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Melbourne’s Sewerage Systems

Why sewerage systems are important

Melbourne enjoys a world class sewerage system that is central to preserving the health of our community and the health of our environment. Melbourne’s sewerage system safely collects and transfers sewage to treatment facilities without risking community health or adversely affecting the environment. Water authorities operate and maintain reliable sewerage systems with sufficient capacity to safely collect and transfer sewage.

Melbourne Water sewer spills

The video below demonstrates how Melbourne’s world-class sewerage system works and what initiatives are being introduced to make it even better. It also provides a number of tips on how you can assist with the efficiency of your local sewerage network.

View the transcript

Extreme stormwater events

Sewerage systems are generally built with significant capacity to contain peaks in daily flows through to inflows from significant rainfall events, and as a result, sewage spills rarely occur.

In Australia, stormwater and sewerage and stormwater operate separately, but during periods of heavy rain, stormwater can still enter the sewerage network, including even relatively new systems via:

  • Maintenance holes (for access)
  • Property surface fittings such as gully traps and air vents
  • Groundwater infiltration
  • Broken or badly connected sewer service line; and
  • The cross connection of stormwater downpipes to the sewerage pipes within properties.

When sewerage systems are designed, an allowance is made for stormwater ingress. In Melbourne, the performance objective is set by the Environment Protection Authority (EPA) which compels sewers to be designed with the capacity to contain flows emanating from a 1 in 5 year storm event. Typically this storm event is equivalent to 25mm of rain occurring in 1 hour.

Despite this, during extreme storm events (beyond a 1 in 5 year event), stormwater may still exceed the system’s capacity, resulting in diluted sewage being discharged at the designed overflow points (via Emergency Relief Structures) ERS allow controlled spilling at points in the system where the local environment can cope with the additional flow and prevent spilling at more sensitive locations.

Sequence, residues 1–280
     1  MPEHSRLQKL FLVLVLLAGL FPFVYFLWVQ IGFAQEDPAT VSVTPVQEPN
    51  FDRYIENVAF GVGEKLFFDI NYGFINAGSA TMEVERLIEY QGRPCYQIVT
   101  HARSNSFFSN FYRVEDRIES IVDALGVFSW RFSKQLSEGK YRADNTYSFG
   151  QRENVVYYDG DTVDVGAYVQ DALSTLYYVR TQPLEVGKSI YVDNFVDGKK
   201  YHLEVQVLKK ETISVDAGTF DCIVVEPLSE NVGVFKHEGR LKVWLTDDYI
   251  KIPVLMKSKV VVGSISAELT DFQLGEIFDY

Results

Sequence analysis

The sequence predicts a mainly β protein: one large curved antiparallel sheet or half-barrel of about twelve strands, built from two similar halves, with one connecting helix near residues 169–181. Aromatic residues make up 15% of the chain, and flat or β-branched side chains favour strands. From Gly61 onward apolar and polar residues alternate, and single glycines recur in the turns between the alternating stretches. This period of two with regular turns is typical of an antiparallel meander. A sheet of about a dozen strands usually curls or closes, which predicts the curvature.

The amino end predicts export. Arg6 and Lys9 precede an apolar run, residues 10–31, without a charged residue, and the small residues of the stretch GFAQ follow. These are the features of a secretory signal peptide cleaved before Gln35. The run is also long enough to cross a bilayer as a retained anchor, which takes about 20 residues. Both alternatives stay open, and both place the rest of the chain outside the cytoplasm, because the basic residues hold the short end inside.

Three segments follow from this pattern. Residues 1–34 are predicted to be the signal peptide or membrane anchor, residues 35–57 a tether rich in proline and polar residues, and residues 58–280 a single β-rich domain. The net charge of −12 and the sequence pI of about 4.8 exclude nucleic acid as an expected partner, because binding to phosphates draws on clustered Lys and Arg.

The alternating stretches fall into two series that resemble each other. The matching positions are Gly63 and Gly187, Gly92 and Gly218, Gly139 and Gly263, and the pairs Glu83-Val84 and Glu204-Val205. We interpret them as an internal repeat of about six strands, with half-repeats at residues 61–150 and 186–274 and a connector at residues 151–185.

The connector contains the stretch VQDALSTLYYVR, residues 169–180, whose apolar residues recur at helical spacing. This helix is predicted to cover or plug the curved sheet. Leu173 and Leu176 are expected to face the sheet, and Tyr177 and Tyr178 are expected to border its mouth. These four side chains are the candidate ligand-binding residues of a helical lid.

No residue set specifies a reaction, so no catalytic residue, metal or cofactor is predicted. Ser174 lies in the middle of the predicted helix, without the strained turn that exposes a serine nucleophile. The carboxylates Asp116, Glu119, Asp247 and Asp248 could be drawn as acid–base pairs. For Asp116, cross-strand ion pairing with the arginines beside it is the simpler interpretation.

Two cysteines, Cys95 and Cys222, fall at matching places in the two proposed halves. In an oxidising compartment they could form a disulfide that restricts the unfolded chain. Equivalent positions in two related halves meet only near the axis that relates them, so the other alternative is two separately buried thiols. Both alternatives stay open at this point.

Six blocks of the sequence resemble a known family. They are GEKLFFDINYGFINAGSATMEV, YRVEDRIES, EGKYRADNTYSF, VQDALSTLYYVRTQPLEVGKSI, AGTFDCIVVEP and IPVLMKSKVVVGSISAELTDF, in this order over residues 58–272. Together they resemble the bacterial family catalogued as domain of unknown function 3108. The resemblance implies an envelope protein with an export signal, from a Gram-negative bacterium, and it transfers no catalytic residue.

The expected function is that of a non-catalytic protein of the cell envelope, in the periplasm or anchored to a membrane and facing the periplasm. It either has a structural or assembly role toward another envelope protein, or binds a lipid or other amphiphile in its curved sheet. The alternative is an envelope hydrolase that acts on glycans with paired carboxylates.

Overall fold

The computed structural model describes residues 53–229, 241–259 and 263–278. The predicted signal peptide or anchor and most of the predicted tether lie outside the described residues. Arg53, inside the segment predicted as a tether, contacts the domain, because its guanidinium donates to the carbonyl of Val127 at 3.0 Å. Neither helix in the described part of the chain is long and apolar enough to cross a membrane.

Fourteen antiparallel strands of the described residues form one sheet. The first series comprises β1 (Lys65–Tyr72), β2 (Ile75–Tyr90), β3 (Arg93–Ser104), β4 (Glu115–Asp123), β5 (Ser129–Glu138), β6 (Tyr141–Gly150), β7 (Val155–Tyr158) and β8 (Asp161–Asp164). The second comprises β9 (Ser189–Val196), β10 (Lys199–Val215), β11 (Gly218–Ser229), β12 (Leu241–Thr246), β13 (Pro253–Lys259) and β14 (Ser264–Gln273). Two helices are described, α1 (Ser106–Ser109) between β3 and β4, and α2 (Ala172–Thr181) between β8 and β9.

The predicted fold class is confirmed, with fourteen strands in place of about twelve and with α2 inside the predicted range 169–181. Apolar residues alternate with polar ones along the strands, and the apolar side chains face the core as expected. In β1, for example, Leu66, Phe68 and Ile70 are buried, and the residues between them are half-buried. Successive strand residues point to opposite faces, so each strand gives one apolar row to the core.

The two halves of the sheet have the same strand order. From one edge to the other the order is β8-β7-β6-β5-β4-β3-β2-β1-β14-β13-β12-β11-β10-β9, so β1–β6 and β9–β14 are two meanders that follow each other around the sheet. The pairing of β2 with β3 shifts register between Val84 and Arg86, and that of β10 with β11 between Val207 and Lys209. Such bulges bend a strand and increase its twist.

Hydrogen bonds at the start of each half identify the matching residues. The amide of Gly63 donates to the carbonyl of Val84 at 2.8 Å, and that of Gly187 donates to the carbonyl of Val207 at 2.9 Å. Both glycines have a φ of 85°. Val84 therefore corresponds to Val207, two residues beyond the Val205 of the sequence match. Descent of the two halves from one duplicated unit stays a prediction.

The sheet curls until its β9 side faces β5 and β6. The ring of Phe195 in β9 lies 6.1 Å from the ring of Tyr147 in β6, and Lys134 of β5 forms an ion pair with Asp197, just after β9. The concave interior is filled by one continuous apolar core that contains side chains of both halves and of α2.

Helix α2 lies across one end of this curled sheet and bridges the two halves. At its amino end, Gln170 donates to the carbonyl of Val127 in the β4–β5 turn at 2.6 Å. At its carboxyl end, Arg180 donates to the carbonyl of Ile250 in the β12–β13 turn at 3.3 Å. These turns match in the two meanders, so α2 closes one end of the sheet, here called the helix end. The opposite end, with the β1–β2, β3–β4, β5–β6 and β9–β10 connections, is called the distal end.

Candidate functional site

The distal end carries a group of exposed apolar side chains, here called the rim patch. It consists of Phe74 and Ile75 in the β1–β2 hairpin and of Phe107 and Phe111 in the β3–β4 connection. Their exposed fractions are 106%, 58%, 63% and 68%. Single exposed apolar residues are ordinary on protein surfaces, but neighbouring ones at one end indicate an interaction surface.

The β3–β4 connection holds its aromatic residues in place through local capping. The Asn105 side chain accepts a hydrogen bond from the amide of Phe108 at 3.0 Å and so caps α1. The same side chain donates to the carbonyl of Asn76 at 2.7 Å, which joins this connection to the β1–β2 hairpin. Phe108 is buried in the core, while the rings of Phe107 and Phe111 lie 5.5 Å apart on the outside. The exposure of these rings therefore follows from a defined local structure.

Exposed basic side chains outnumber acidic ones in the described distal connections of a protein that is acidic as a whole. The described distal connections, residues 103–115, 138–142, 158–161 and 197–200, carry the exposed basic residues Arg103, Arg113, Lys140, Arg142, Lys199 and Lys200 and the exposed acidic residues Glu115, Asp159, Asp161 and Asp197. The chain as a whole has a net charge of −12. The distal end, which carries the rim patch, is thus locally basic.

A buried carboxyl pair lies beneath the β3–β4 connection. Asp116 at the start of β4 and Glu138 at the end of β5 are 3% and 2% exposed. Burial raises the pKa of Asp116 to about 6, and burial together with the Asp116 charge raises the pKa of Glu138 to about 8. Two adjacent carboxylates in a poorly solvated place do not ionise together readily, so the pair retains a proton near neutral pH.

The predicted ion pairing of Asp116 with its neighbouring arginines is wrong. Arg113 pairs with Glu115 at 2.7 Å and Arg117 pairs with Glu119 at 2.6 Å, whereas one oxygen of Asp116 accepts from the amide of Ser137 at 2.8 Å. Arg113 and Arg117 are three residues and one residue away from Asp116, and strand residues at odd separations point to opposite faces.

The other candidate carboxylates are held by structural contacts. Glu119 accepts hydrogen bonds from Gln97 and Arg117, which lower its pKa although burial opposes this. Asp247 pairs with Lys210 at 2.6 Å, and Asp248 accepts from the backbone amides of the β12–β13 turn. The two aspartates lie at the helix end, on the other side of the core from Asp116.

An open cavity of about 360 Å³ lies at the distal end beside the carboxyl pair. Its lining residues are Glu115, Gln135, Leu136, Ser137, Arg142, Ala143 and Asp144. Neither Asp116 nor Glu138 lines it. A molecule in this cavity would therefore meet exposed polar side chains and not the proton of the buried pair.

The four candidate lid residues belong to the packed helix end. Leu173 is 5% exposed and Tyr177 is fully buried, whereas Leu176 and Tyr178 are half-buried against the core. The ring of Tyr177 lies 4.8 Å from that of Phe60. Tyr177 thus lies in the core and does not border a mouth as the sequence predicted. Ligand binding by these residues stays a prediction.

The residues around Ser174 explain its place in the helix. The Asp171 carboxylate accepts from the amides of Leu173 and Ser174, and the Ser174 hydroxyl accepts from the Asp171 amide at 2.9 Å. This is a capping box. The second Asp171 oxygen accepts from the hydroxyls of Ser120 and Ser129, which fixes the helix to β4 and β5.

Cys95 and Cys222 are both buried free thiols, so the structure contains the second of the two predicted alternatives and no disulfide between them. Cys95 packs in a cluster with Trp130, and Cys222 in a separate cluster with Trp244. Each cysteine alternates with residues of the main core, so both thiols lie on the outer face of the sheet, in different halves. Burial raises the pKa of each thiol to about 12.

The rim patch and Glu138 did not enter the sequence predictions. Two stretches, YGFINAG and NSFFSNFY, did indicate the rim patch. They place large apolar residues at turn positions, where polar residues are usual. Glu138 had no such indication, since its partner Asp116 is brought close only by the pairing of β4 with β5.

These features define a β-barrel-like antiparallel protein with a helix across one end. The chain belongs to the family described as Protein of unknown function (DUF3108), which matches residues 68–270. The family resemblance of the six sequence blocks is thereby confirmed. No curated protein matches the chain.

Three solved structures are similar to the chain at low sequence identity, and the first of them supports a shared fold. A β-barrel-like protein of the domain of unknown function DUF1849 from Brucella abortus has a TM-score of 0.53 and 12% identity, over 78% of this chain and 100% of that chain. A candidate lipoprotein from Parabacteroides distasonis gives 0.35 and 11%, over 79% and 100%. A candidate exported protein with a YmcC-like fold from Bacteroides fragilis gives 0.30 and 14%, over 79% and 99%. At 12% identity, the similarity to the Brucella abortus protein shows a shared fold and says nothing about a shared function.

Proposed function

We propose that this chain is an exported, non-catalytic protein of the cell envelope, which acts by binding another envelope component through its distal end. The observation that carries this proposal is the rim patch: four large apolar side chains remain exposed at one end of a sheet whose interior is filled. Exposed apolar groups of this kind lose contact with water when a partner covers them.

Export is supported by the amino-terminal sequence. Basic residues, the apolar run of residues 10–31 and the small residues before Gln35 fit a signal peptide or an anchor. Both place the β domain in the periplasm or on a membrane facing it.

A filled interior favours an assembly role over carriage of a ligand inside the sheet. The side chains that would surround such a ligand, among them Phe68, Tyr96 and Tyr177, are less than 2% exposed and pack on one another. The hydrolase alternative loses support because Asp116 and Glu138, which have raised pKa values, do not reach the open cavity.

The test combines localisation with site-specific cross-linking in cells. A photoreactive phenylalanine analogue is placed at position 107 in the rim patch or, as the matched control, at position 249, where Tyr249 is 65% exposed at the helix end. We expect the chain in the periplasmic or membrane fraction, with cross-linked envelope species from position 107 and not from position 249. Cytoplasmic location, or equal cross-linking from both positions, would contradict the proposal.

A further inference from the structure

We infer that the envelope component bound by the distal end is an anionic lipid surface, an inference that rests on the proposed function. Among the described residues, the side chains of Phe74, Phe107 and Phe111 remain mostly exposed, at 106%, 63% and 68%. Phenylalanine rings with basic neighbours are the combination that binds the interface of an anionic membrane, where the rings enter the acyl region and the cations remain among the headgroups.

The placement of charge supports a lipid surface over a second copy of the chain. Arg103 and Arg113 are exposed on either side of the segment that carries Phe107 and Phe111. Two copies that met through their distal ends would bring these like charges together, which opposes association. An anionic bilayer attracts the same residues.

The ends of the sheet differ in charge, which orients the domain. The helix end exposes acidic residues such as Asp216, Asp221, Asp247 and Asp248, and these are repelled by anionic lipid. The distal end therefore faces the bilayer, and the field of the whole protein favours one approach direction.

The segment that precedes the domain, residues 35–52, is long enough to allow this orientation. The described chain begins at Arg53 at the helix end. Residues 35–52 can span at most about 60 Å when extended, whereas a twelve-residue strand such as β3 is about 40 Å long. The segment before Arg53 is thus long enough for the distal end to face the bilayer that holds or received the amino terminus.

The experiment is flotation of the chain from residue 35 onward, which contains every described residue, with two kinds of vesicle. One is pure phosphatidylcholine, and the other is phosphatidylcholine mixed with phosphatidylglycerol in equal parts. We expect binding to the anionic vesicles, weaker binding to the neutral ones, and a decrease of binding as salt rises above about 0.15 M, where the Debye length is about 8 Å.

Although these types of sewage spills rarely occur, in recent times Melbourne has been experiencing rainfall events of increasing intensity and at a greater frequency than in the past. Significant investment has been made to increase the capacity of the system and minimise these types of spills.

Heavy rains also wash other pollutants such as dog droppings, oil, nutrients and litter into Melbourne’s rivers and creeks which can undermine water quality. As a precaution waterway users should avoid contact with rivers and creeks for 48 hours after heavy rains.

Sewer Blockages

Occasionally blockages occur in the sewerage system due to tree root penetration of the pipes, build-up of fats, oils and grease, or from pipe breaks and collapses. We undertake field assessments using robot cameras to monitor the condition of the sewers to identify sewer cleaning works as well as pipe renewal works. In high risk areas the sewerage system is fitted with monitoring devices that alert our operators to any potential issues in the network, and preventative actions can be undertaken before a spill occurs.

In dry weather, sewer blockages are the main reason for sewage spills. The most common causes of sewer blockages include:

  • Tree roots penetrating the pipe.
  • A build-up of oils and fats.
  • Household waste such as sanitary products and food scraps that have been flushed or put down the sink.
  • Damaged and broken pipes allowing soil and pieces of the pipe to block the sewer.

Sewer spills from blockages are generally smaller in volume and are contained within a defined area which allows for easy clean-up of the spill site. Water authorities implement programs that improve the system’s reliability and reduce the risk of sewer blockages.

What you can do?

Everything that goes down the kitchen, laundry and bathroom sink or that's flushed down the toilet ends up in the sewerage system. Putting the wrong things down the sewer affects our ability to treat and reuse the water and can cause damage to the sewerage system.

  • Use a sink strainer to prevent food scraps and other household waste from going down the drain. Consider using a compost heap or worm farm to recycle food scraps for your garden.
  • Pour kitchen fats and oils into a container, seal it, and throw it in the bin.
  • Wipe greasy pots and pans with a paper towel before washing.
  • Dispose of items such as cotton buds, nappies, condoms, sanitary products and their wrappers in the household rubbish.
  • Use less detergent. The average household uses three times more detergent than manufacturers recommend.
  • Choose a washing detergent with a low salt content. Concentrated detergents often contain much less salt than conventional varieties.
  • Ask your local pharmacy or council for advice on how to dispose of medicines and hazardous chemicals.
  • When next renovating your home, ask your plumber to check that your stormwater plumbing is not connected to the sewer.

For further information contact:

City West Water

Melbourne Water

South East Water

Yarra Valley Water

Program Partners

Department of Environment and Primary Industries Environmental Protection Agency Melbourne Water